Verizon Adds Real-Time Intelligence to its Call Centers


AI and analytics enhance customer experience and cut costs.

When you’re one of the world’s largest telecom providers, your call center representatives field many calls on many different topics. If reps need to constantly hunt for relevant information while working through problems, the costs of such service – and likely frustration of customers waiting on hold – is likely to dig deeply into your bottom line.

At the recent Spark + AI Summit sponsored by Databricks, Jalal Ali, director of data warehouse, business intelligence and analytics for Verizon, described how the company applies AI and analytics to its call center interactions to enhance the customer experience and cut costs.

See also: How Call Centers Use Streaming Analytics for Real-Time Answers

Through AI and machine learning, Verizon now uses real-time predictions to incoming customer calls, assessing the nature of the issue or request, available resources to help, and potential length of the call.

Unified data model provides consistency

Data comes into Verizon from a variety of sources and formats – to the tune of 100,000 data types. There is transactional data, IVR data, online interaction data, chat data, set-top box video data, point of sale data, and all associated notes typed in by sales reps or call center agents. Data is passed through the company’s unified data model to provide the consistency needed to respond to 40 million calls a year, he explains.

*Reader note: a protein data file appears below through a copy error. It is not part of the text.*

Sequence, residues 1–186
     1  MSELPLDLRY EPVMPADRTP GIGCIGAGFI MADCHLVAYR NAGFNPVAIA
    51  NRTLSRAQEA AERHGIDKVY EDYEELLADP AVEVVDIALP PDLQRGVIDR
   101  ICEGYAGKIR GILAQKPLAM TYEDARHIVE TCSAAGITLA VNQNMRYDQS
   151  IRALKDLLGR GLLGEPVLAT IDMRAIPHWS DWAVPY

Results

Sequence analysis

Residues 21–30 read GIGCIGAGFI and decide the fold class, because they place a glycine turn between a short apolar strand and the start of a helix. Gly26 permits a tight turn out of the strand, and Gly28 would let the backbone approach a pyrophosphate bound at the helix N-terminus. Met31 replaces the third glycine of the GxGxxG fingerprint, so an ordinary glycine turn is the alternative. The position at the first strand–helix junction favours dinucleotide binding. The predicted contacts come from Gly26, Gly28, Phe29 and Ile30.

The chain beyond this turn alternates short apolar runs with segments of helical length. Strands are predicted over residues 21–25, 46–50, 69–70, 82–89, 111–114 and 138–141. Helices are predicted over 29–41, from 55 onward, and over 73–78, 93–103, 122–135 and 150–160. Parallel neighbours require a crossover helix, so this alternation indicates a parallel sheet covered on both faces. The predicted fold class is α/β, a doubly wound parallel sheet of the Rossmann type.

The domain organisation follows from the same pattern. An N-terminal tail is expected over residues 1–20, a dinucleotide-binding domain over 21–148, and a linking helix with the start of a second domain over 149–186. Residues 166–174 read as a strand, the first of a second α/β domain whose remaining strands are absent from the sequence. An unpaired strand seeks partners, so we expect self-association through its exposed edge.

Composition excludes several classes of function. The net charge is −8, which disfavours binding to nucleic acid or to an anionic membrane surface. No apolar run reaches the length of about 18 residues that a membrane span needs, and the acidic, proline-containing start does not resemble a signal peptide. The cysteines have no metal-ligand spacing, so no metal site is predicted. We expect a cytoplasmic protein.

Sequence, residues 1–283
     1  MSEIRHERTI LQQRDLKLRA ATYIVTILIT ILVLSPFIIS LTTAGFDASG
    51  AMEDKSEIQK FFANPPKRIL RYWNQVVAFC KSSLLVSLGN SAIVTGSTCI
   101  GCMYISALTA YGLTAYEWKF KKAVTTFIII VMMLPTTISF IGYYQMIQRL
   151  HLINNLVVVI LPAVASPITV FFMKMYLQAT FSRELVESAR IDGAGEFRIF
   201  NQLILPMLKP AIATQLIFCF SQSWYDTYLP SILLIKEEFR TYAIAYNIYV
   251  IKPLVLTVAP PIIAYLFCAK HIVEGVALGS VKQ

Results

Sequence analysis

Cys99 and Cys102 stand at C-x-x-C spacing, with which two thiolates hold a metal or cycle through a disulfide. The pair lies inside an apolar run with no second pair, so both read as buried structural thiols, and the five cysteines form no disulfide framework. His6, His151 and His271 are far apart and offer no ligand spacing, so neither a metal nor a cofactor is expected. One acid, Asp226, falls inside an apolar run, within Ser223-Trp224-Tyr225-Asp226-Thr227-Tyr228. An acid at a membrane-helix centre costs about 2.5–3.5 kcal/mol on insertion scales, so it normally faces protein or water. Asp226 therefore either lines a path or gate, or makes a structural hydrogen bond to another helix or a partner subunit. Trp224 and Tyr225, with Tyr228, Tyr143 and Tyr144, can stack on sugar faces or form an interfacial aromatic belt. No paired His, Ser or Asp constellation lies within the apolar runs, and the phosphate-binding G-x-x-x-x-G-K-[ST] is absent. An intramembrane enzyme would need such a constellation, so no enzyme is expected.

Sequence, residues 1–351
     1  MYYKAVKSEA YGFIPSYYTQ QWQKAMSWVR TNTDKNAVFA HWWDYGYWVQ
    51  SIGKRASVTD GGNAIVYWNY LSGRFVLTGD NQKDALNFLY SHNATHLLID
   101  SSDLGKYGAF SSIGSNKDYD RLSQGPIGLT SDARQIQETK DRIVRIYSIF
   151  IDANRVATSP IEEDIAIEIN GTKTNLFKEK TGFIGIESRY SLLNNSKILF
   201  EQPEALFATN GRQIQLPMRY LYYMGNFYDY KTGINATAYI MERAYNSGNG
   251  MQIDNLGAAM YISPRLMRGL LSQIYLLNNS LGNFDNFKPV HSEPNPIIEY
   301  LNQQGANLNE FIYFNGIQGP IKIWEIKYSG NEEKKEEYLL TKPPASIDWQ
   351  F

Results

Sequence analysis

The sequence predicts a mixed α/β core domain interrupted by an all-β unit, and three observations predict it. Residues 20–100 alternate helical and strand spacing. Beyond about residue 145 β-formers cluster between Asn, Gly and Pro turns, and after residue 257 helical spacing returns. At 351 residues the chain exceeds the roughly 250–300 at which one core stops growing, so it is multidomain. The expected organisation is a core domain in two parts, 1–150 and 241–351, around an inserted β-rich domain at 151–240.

See also: Powering Today’s Digital Service Providers with Automation, Optimization, and Intelligence (Case Study)

Verizon’s team of data scientists has been concentrating on building a model that helps identify and resolve problems within the first five minutes of the call. Prior to implementing AI-driven capabilities, the cost to handle a customer phone call was $2.50 an hour, according to Ali. The average length of a call was 25 minutes. “Do the math,” he says. “It easily runs into hundreds of millions of dollars a year – in some cases, more.”

With AI and real-time responsiveness, he continues, the average time per call has been cut in half, resulting in significant savings.

Ali’s team approached the problem starting with assessing data from all its channels “to understand what is happening with our customers.” Next, the team built its unified data model to integrate both batch-loaded and streaming data, to provide reps a real-time picture of the customer’s history as well as current requirements. The Verizon platform also provides predictive capabilities, providing reps with an idea of the likely amount of time a call will last, Ali says.


About Joe McKendrick

Joe McKendrick is RTInsights Industry Editor and industry analyst focusing on artificial intelligence, digital, cloud and Big Data topics. His work also appears in Forbes an Harvard Business Review. Over the last three years, he served as co-chair for the AI Summit in New York, as well as on the organizing committee for IEEE's International Conferences on Edge Computing. (full bio). Follow him on Twitter @joemckendrick.

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